"date": "2022-05-20T12:20:02.217Z",
"amount": {
"quantity": "1",
"currency": "ZAR"
"payer": {
"accountNumber": "62425239471",
"bankId": "fnb"
"beneficiary": {
"bankId": "fnb"

Arrays and Pagination

The Stitch API follows the Relay Server Specification, particularly when it comes to pagination. In the example below, we'll retrieve a list of your recent transactions, and show you how to retrieve the next page of results.

Edges, Connections, and Nodes

Relay's terminology largely stems from graph theory. A connection is the term Relay uses to describe a set of results with added metadata. For example, if we look at the type definition of TransactionConnection, we can see that it is made up of a list of edges, and an object of type PageInfo

type TransactionConnection {
edges: [TransactionEdge!]
pageInfo: PageInfo!

PageInfo contains the pagination information for this query, such as whether a next or previous page of results is available, and also contains start and end pagination cursors.

Passing the end cursor to the after argument of a field which supports pagination will return the next page of results. Similarly, if a field supports paginating backwards, the before argument can take in the start cursor and will return the previous page of results.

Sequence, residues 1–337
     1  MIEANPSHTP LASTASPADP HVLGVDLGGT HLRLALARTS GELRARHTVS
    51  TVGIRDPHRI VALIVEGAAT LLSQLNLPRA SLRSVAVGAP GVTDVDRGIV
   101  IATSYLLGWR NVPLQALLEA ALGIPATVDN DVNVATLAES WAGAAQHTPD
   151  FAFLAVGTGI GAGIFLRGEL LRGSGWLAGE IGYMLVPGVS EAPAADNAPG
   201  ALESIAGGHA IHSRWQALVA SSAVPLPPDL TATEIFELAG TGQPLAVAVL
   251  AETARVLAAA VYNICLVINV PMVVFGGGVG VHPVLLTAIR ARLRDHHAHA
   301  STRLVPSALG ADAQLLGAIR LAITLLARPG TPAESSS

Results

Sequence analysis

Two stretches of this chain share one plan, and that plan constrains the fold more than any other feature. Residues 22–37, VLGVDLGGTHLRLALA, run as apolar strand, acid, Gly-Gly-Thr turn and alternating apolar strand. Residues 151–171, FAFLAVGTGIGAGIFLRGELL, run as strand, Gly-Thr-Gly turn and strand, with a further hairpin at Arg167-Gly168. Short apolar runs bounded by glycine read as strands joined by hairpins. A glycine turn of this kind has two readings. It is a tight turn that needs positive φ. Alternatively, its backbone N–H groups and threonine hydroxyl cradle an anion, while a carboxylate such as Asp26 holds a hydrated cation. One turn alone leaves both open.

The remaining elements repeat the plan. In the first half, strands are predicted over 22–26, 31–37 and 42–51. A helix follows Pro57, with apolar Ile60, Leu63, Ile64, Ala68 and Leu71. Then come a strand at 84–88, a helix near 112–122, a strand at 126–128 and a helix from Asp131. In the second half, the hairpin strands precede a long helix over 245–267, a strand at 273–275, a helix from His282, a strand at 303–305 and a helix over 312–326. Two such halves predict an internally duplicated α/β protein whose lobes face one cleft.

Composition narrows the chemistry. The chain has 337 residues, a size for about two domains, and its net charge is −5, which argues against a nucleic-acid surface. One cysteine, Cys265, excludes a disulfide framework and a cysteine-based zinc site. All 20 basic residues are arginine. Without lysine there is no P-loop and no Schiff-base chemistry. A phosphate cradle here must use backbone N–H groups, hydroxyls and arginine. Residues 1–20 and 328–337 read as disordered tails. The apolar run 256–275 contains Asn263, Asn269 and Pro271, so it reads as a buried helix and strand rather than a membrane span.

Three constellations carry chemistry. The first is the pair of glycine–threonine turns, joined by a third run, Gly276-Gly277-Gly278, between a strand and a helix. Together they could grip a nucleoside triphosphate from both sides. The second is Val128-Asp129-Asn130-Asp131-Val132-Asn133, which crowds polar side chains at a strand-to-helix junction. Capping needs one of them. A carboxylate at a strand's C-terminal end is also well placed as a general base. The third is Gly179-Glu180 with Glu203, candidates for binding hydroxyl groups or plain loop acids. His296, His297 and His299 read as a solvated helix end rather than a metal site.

An edge is Relay's term for an object which contains a node and a cursor field. This indirection allows for arbitrary pagination.

Example Transaction Query

The following example puts together the concepts introduced in the previous sections, namely arguments, polymorphism, and pagination:

There are a fair amount of moving parts in the query above. Starting at the top, we can see that a query has been created called ListPaymentInitiationRequests. This query takes only an optional parameter pageCursor (More on pagination in our pagination guide).

We are requesting the first 50 payment initiation requests, specifically the first 50 after the optional parameter $pageCursor.

An important clarification is that as payment appear in reverse chronological order, the after cursor pages back in time.

To get the next page of results, set pageCursor in query arguments to the endCursor from pageInfo. The rest of the Stitch API uses the same pagination scheme.


  1. Query arguments are more commonly called variables in the context of GraphQL